The virtual viewport is a new term that has been floating around the Chrome DevRel team lately and we kind of figured we should find out what it is.
The way Rick Byers describes it is as follows, the idea is splitting the notion of "the viewport" into the "layout viewport" (where fixed position items are attached) and the "visual viewport" (What the users actually see).
Which on first parse isn't super easy to understand.
The website videojs.com is a good example because it's toolbar is fixed to the top and has links on both the left and right side of the bar.
The image below shows what you would see if you zoomed in on a site and tried panning left and right, the top devices are Chrome Stable, which doesn't have a virtual viewport and the bottom 3 are from Chrome Beta, which does have a virtual viewport.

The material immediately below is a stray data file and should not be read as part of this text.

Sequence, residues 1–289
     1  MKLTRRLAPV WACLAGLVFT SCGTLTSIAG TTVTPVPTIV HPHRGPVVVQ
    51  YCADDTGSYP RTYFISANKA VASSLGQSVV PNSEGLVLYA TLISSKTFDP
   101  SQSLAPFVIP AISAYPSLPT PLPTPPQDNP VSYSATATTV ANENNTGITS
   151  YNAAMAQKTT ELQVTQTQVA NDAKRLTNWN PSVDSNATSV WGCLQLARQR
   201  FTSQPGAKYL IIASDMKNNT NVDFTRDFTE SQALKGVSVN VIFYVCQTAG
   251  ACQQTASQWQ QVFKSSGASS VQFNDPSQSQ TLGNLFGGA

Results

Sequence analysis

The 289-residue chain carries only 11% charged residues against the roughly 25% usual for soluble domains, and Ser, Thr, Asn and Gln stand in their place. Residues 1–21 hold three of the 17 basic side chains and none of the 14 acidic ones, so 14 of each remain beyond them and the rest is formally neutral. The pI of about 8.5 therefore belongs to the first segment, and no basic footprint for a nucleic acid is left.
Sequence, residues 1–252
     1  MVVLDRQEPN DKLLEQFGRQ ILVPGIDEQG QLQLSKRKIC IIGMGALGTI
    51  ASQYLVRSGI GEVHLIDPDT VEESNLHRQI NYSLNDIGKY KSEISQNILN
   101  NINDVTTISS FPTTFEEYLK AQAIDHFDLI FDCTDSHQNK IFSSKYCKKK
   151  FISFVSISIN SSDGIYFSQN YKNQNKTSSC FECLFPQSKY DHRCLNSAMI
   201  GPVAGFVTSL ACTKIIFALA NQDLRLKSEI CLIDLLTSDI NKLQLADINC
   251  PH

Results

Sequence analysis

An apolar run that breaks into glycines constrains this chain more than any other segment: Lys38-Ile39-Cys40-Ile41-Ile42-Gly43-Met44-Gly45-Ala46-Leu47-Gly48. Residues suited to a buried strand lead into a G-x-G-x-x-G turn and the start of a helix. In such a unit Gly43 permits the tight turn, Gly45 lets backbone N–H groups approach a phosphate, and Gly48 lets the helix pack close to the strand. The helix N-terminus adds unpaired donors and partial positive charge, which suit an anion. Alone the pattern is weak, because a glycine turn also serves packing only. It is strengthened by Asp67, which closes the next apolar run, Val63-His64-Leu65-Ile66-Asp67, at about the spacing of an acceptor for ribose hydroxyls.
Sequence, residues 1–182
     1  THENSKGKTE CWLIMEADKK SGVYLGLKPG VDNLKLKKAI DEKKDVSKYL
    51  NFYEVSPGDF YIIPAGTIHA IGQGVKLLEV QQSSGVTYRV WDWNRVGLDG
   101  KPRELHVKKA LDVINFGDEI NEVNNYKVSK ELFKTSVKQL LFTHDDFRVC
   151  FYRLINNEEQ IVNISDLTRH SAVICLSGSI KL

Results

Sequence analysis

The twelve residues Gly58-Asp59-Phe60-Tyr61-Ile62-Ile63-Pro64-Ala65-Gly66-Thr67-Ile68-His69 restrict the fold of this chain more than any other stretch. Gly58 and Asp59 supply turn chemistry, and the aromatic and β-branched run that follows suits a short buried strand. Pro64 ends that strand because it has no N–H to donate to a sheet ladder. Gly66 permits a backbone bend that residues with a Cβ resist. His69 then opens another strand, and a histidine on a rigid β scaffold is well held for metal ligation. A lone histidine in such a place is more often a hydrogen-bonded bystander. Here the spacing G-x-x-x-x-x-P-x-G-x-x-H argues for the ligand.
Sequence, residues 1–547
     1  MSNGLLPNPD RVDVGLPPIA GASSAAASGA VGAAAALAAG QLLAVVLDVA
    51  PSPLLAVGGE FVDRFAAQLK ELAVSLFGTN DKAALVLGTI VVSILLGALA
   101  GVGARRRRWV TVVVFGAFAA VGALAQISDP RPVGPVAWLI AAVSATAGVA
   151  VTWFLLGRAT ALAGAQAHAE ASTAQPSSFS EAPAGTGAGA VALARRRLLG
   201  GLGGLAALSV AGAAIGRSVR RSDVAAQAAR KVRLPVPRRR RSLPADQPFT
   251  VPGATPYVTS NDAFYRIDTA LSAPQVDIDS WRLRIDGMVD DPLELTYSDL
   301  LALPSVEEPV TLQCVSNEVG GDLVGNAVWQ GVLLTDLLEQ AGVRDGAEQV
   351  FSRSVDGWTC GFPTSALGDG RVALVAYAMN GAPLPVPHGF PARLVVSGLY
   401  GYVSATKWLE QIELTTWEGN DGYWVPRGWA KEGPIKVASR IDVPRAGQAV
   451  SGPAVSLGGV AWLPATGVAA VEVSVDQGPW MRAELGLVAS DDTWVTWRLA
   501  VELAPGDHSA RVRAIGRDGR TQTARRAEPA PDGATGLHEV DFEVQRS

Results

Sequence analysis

In this example, stable Chrome (The top three images), which doesn't have the notion of a "virtual viewport" will show the top bar when you zoom, but you can't scroll to the right and view the links, you'll only ever see the logo.
Compare this to Chrome Beta (which has a "virtual viewport") and you'll see that the "visual viewport" scrolls everything inside the "layout viewport", allowing you to view the links on the right.
IE has actually been doing this for some time and according to Rick, the Chrome team reached the same point of view as IE through separate research and testing, so it's looking like a good step forward.
You want to learn more huh?
Well then, you can view the slide deck below OR check out Rick's Google+ Post, which you really should do since he's much better at this stuff than me ;)
Orig. Image: https://unsplash.com/leonephraim